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Welsh English


Welsh English

Welsh English
Native to United Kingdom
Region Wales
Native speakers
2.5 million (date missing)
Latin (English alphabet)
Language codes
ISO 639-3
Glottolog None

Welsh English, Anglo-Welsh, or Wenglish refers to the dialects of English spoken in Wales by Welsh people. The dialects are significantly influenced by Welsh grammar and often include words derived from Welsh. In addition to the distinctive words and grammar, there is a variety of accents found across Wales from the Cardiff dialect to that of the South Wales Valleys and to West Wales.

In the east and south east, it has been influenced by West Country dialects due to immigration, while in North Wales, the influence of Merseyside English is becoming increasingly prominent.


  • Pronunciation 1
    • Vowels 1.1
      • Short monophthongs 1.1.1
      • Long monophthongs 1.1.2
      • Diphthongs 1.1.3
    • Consonants 1.2
  • Distinctive vocabulary and grammar 2
  • Orthography 3
  • History of the English language in Wales 4
  • Influence outside Wales 5
  • Literature 6
  • In Popular Culture 7
  • See also 8
  • References 9
  • Bibliography 10
  • Further reading 11
  • External links 12



Short monophthongs

  • The vowel of cat /æ/ is pronounced as a more central near-open front unrounded vowel [æ̈].[1] In Cardiff, bag is pronounced with a long vowel [aː].[2] In Powys, a pronunciation resembling its New Zealand and South African analogue is sometimes heard, i.e. trap is pronounced /trɛp/[3]
  • The vowel of end /ɛ/ is a more open vowel and thus closer to cardinal vowel [ɛ] than RP[1]
  • The vowel of "kit" /ɪ/ often sounds closer to the schwa sound of above, an advanced close-mid central unrounded vowel [ɘ̟][1]
  • The vowel of hot /ɒ/ is raised towards /ɔ/ and can thus be transcribed as [ɒ̝] or [ɔ̞][1]
  • The vowel of "bus" /ʌ/ is pronounced [ɜ][4] and is encountered as a hypercorrection in northern areas for foot.[5] It is sometimes manifested in border areas of north and mid Wales as an open front unrounded vowel /a/ or as a near-close near-back vowel /ʊ/ in northeast Wales, under influence of Cheshire and Merseyside accents.[6]
  • In accents that distinguish between foot and strut, the vowel of foot is a more lowered vowel [ɤ̈],[4] particularly in the north[6]
  • The schwa of better may be different from that of above in some accents; the former may be pronounced as [ɜ], the same vowel as that of bus[7]
  • The schwi tends to be supplanted by an /ɛ/ in final closed syllables, e.g. brightest /ˈbɾəi.tɛst/. The uncertainty over which vowel to use often leads to 'hypercorrections' involving the schwa, e.g. programme is often pronounced /ˈproː.ɡrəm/[2]

Long monophthongs

Monophthongs of Welsh English as they are pronounced in Abercrave, from Coupland (1990:135)
Monophthongs of Welsh English as they are pronounced in Cardiff, from Coupland (1990:93–95)
Diphthongs of Welsh English as they are pronounced in Abercrave, from Coupland (1990:135–136)
Diphthongs of Welsh English as they are pronounced in Cardiff, from Coupland (1990:97)


  • Fronting diphthongs tend to resemble Received Pronunciation, apart from the vowel of bite that has a more centralised onset [æ̈ɪ][10]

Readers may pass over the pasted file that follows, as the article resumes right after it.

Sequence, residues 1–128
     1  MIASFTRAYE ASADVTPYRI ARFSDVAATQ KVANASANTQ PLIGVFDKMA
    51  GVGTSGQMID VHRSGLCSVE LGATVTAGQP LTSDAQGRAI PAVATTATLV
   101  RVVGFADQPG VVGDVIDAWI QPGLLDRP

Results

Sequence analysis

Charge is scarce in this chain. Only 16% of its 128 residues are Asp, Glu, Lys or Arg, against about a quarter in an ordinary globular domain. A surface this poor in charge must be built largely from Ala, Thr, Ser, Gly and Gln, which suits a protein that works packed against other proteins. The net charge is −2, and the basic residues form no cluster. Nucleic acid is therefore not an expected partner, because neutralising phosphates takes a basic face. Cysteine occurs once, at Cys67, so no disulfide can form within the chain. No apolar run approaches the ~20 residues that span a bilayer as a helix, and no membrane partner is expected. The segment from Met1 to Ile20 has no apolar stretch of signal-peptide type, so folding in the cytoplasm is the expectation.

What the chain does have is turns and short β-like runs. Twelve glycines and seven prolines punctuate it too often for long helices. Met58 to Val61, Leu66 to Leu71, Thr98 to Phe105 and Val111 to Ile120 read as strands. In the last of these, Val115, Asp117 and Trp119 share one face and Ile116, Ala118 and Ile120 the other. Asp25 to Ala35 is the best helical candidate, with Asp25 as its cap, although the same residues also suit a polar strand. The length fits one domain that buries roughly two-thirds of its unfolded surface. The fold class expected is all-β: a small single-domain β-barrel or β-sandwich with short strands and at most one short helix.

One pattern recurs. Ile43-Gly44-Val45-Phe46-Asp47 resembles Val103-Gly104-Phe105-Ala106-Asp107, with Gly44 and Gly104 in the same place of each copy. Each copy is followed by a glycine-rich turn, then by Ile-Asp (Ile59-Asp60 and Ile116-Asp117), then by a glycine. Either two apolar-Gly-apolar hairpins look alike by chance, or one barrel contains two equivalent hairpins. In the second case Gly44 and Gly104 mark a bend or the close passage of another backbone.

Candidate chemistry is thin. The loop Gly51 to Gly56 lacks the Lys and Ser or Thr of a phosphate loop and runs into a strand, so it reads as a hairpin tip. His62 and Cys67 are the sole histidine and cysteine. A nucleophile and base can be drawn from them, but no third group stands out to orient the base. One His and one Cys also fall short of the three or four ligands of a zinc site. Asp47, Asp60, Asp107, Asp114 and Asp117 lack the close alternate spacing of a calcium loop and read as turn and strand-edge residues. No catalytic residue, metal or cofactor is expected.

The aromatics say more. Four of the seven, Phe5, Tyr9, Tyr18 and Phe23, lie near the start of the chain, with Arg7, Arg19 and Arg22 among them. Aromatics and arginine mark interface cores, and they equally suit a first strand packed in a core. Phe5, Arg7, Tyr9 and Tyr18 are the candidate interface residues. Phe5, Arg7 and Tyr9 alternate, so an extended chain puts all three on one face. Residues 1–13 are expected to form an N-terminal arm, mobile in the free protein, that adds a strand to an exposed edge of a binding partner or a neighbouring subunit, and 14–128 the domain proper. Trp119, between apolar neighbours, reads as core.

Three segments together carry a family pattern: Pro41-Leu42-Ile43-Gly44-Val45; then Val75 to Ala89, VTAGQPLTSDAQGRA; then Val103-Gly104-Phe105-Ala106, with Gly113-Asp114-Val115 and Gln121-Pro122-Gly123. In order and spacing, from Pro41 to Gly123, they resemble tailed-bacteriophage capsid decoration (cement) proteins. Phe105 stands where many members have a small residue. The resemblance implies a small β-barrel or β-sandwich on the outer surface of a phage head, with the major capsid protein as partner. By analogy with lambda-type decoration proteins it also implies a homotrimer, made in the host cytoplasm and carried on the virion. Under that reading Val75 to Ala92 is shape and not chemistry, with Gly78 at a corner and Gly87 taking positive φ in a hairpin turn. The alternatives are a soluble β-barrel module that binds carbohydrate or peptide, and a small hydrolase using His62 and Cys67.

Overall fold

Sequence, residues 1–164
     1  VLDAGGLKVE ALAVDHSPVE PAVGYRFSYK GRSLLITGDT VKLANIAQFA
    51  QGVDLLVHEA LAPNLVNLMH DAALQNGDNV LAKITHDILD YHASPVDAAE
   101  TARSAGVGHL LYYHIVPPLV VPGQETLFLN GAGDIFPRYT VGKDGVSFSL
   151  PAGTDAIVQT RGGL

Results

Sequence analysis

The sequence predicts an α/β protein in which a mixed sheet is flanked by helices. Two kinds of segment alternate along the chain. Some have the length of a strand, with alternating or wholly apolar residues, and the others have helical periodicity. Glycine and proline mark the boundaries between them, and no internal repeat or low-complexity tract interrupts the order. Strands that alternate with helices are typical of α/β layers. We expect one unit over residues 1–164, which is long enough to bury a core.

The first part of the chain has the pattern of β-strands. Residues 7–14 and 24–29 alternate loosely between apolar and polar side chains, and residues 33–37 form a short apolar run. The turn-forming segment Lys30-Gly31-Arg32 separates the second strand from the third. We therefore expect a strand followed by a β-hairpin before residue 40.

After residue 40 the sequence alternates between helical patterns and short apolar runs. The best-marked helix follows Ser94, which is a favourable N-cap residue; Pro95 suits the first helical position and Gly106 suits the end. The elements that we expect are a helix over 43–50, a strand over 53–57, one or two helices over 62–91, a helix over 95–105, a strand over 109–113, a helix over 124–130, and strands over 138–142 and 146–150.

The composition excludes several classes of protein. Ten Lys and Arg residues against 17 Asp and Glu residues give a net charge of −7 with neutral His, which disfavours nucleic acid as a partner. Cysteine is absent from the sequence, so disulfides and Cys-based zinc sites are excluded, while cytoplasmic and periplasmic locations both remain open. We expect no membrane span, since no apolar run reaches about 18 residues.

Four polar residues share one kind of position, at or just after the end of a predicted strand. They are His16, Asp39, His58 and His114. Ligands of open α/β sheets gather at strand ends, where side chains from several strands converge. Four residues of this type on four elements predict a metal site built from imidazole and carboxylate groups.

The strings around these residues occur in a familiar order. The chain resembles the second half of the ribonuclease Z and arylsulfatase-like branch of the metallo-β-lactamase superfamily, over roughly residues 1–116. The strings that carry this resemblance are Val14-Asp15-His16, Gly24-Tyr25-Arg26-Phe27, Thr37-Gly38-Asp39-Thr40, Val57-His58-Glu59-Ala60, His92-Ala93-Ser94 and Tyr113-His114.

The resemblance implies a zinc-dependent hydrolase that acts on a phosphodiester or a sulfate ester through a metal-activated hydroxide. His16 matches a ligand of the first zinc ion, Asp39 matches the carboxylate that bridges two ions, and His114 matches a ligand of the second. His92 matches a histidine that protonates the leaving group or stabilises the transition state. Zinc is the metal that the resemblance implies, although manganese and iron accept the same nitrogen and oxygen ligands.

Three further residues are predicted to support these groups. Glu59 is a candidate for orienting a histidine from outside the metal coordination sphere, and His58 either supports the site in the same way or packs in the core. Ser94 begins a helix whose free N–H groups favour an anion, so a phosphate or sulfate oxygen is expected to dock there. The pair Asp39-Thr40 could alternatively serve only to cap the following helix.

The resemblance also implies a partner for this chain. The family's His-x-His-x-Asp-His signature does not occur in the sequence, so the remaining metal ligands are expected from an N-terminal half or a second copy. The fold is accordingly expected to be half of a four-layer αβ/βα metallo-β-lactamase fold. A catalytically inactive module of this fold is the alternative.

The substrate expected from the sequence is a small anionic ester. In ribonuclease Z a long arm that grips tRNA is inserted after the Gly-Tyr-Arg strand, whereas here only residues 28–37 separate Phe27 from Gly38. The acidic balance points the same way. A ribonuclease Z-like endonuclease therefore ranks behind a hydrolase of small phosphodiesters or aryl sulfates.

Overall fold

• Backing diphthongs are more varied:[10]
    • The vowel of low in RP, other than being rendered as a monophthong, like described above, is often pronounced as [oʊ̝]
    • The word town is pronounced similarly to the New Zealand pronunciation of tone, i.e. with a near-open central onset [ɐʊ̝]
    • The /juː/ of RP in the word due is usually pronounced as a true diphthong [ëʊ̝]
Correspondence between the and Welsh English vowels
Pure vowels
Help key Welsh Examples
/ɪ/ /ɪ/ ~ /ɪ̈/ ~ /ɘ/ bid, pit
/iː/ /i/ bead, peat
/ɛ/ /ɛ/ bed, pet
/eɪ/ /e/~/eɪ/ fate, gate
/eɪ/ bay, hey
/æ/ /a/ bad, pat, barrow, marry
/ɑː/ /aː/ balm, father, pa
/ɒ/ /ɒ/ bod, pot, cot
/ɔː/ /ɒː/ bawd, paw, caught
/oʊ/ /o/~/oʊ/ beau, hoe, poke
/oʊ/ soul,low,tow
/ʊ/ /ʊ/ good, foot, put
/uː/ /uː/ booed, food
/ʌ/ /ə/~/ʊ/ bud, putt
/aɪ/ /aɪ/ ~ /əɪ/ buy, ride, write
/aʊ/ /aʊ̝/ ~ /əʊ̝/~ /ɐʊ̝/ how, pout
/ɔɪ/ /ɒɪ/ boy, hoy
/juː/ /ɪu/~/ëʊ̝/ hue, pew, new
R-coloured vowels
/ɪər/ /ɪə̯(ɾ)/ beer, mere
/ɛər/ /ɛə̯(ɾ)/ bear, mare, Mary
/ɑr/ /aː(ɾ)/ bar, mar
/ɔr/ /ɒː(ɾ)/ moral, forage,born, for
/ɔər/ /oː(ɾ)/ boar, four, more
/ʊər/ /ʊə̯(ɾ)/ boor, moor
/ɜr/ /ɜː/~/øː/ bird, herd, furry
/ər/ (ɚ) /ə(ɾ)/ runner, mercer


  • A strong tendency (shared with Scottish English and some South African accents) towards using an alveolar tap [ɾ] (a 'tapped r') in place of an approximant [ɹ] (the r used in most accents in England).[12]
  • Rhoticity is largely uncommon, apart from some speakers in Port Talbot who supplant the front vowel of bird with /ɚ/, like in many varieties of North American English[13] and accents influenced by Welsh[13]
  • Some gemination between vowels is often encountered, e.g. money is pronounced [ˈmɜ.nːiː][14]
  • In northern varieties influenced by Welsh, pens and pence merge into /pɛns/ and chin and gin into /dʒɪn/[14]
  • In the north-east, under influence of such accents as Scouse, ng-coalescence does not take place, so sing is pronounced /sɪŋɡ/[15]
  • Also in northern accents, /l/ is frequently strongly velarised [ɫː]. In much of the south-east, clear and dark L alternate much like they do in RP[16]
  • The consonants are generally the same as RP but Welsh consonants like [ɬ] and [x] are encountered in loan words such as Llangefni and Harlech[14]

Distinctive vocabulary and grammar

See List of English words of Welsh origin